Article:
Speaker Chaos Foreshadows Debt Ceiling Battle


What a difference a dozen years makes.

When Republicans took control of the House of Representatives during a Democratic presidency 12 years ago, they were riding the wave of populist Tea Party anger over bailouts. Yet despite a host of upstart newcomers, they managed to pull together when it came to electing the Speaker of the House. Rep. John Boehner (R-Ohio) won all but one GOP vote in the 112th Congress, his own, which he declined to vote for himself.

The Republican agenda at the time was steeped in Tea Party concern over the debt and deficits the US government had incurred as a result of the financial crisis and the Great Recession. Although President Barack Obama’s 2009 stimulus package appears quite modest considering the spending incurred during the pandemic and the first year of the Biden administration, at the time it was widely seen as alarming by Republicans. and the self-employed who considered themselves fiscally responsible.

To limit spending, Republicans have promised not to raise the debt ceiling unless it is coupled with spending limits. It culminated in a summer showdown between President Barack Obama and the Republicans that was – or at least appeared to be – extremely disruptive for financial markets. Between July 29 and August 8, the S&P 500 plunged 17%. Although the two sides were able to reach an agreement suspending the ceiling, Standard & Poor’s expressed disapproval of fighting the debt ceiling by lowering the credit rating of US debt.

President Barack Obama speaks with Speaker of the House John Boehner during a meeting at the White House July 23, 2011, on the debt ceiling. (BIJOU SAMAD/AFP via Getty Images)

Financial markets disagreed that U.S. government debt had proven riskier as a result of the fight. Rather than plunging after the loss of the triple-A rating, Treasury prices rose after the downgrade. Investors looked around at a world fraught with risk – European sovereigns were stumbling through their own debt crisis, for example – and decided they liked the safety of US government bonds, no matter what. S&P ratings managers. Rightly, many viewed S&P’s rating change as a political statement rather than an assessment of financial risk.

A friend at the time pointed out that it was indeed impossible for US government debt to be downgraded. The United States is the largest economy in the world, and the US Treasury bond market is the largest financial market in the world. This means that treasury bills are, almost by definition, the safest financial assets out there. Everything else is reduced in US government debt from slightly riskier to much, much riskier. If US government debt becomes slightly riskier for one reason or another, all other financial instruments also become riskier. To paraphrase an old joke about the Soviet Union: in the United States, you don’t downgrade Treasuries. Treasurys demote you.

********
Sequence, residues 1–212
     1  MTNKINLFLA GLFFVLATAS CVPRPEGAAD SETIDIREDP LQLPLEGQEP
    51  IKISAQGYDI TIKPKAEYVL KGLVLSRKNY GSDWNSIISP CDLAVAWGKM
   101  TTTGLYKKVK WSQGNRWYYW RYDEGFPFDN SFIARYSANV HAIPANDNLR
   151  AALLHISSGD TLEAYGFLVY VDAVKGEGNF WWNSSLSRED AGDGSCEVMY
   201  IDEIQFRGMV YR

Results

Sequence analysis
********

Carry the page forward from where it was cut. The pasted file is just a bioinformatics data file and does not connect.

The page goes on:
The current fight among Republican lawmakers over who will be Speaker of the House has implications for the debt ceiling debate we’re likely to have later this year. The limit was raised in December 2021 from $2.5 trillion to $31.381 trillion, which is expected to last until at least July 2023. As we learned in previous episodes, this is not the end of the government’s ability to continue its operations. when revenue is less than expenditure. The Treasury is able to engage in various “extraordinary measures” to avoid having to issue debt for several months.

Wall Street and many political analysts in Washington, DC are confident that Republicans won’t “play chicken” with the debt ceiling this time around. After all, the GOP is increasingly dependent on the votes of senior citizens, and Democrats are sure to argue that the US government’s inability to issue new debt will put Social Security and Medicaid at risk. Many GOP leaders believe the fight against the 2011 debt ceiling did not help the party and may have contributed to the loss of the 2012 presidential election, despite overwhelming evidence that Mitt Romney and Paul Ryan were very effective in destroying the GOP’s chances of winning the White House on their own.

Note that the leadership of the Republican House does not want a bloody fight against the debt limit. What the President’s chaos tells us is that maybe it doesn’t matter. There is at least a vanguard of Republican representatives who are prepared to fight, especially on issues of government spending. Moreover, in our age of runaway inflation, the case for controlling spending and deficits is much stronger than it was in 2011. If it ever made sense to listen to the rule of the constitution that debt must be authorized by Congress makes sense now that we have spent and borrowed to enter an inflation crisis.

Financial markets are currently blithely assuming that 2023 and 2024 will be years of legislative gridlock, but no where near with a U.S. government legally prohibited from issuing debt to pay for authorized spending. At the very least, we believe this is currently an undervalued risk for the markets.


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